od by Avhich a combination of spe
secured the star route contracts. Sever
al bills of minor importance Avere passed
early in the day. The Uouse spent two
hours upon the naval appropriation bill
without making any progress. The re
mainder of the session Ava deA'oted to
eulogies upon the life and public service *
of the late Representative No rt Invar , of
Ohio. The paragraph in the bill relating
to the naval academy , against Avhich Mr.
Mudd ( IU > p. , Md. ) raised a point of order ,
was stricken out , the point of order being
sustained. Mr. Mudd then moved addi
tional appropriations of $720,000 for the
completion of the buildings at the acad
emy authorized in the last naval bill.
During almost six hours Monday after
noon the postofiiee appropriation bill \\-ii *
under discussion in the Senate , the time
being consumed largely by Mr. Butler
( Pop. , N. C. ) and Mr. PettigreAv ( Sil.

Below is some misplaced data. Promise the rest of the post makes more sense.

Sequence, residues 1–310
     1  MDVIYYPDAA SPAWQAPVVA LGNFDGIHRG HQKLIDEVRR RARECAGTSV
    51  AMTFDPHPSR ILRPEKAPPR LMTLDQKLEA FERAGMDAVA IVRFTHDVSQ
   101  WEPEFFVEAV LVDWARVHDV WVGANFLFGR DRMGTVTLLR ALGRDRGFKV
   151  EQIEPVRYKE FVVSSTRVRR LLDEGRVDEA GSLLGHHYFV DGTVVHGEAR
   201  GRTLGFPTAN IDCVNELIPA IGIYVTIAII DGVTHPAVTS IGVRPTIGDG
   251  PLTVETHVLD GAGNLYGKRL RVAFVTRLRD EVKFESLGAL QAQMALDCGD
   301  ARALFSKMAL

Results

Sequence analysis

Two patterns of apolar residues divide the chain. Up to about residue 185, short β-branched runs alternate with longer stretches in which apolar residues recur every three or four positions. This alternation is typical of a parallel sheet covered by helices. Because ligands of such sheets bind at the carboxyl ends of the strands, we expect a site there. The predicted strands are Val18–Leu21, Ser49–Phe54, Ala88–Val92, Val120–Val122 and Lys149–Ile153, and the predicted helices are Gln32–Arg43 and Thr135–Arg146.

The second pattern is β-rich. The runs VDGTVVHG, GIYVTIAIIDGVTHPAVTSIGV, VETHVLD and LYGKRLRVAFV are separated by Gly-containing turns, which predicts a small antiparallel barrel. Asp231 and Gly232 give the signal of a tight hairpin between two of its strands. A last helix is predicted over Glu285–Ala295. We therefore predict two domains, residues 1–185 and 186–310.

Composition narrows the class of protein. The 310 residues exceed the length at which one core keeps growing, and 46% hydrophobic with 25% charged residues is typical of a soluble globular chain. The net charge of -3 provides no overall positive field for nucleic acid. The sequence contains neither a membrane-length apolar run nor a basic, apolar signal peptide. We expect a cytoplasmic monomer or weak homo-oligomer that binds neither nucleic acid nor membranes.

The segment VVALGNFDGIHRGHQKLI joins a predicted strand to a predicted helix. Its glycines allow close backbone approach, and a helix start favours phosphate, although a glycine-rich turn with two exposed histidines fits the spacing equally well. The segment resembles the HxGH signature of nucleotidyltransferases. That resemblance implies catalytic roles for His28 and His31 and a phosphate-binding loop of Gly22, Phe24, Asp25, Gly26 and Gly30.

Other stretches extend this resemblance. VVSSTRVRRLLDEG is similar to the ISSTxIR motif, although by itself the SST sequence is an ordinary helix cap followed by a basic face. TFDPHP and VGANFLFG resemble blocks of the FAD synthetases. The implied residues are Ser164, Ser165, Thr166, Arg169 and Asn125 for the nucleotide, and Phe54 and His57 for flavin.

Rep. , S. D. ) in an amendment providing
that the postal commission should pre
sent its final report to Congress by March
3 , 1000. Failing after many trials to ob
tain unanimous consent for the insertion
of the amendment in the bill , Mr. Butler
permitted it to come to a vote. It Avas
defeatud 27 to 19. Mr. Hawley. chairman
of the Military Affairs Committee , moved
to take up the army reorganization bill ,
unanimous consent haA-ing been refused
to take up the measure without displac
ing the unfinished business the anti-
scalping bill. Mr. IIjiAvley's motion pre
vailed , 44 to 20. this making the army bill
the unfinished business. A separate bill
appropriating $20,000,000 for payment to
Spain under the provisions of the treaty of
Paris was passed by the House under
suspension of the rules. The Senate bill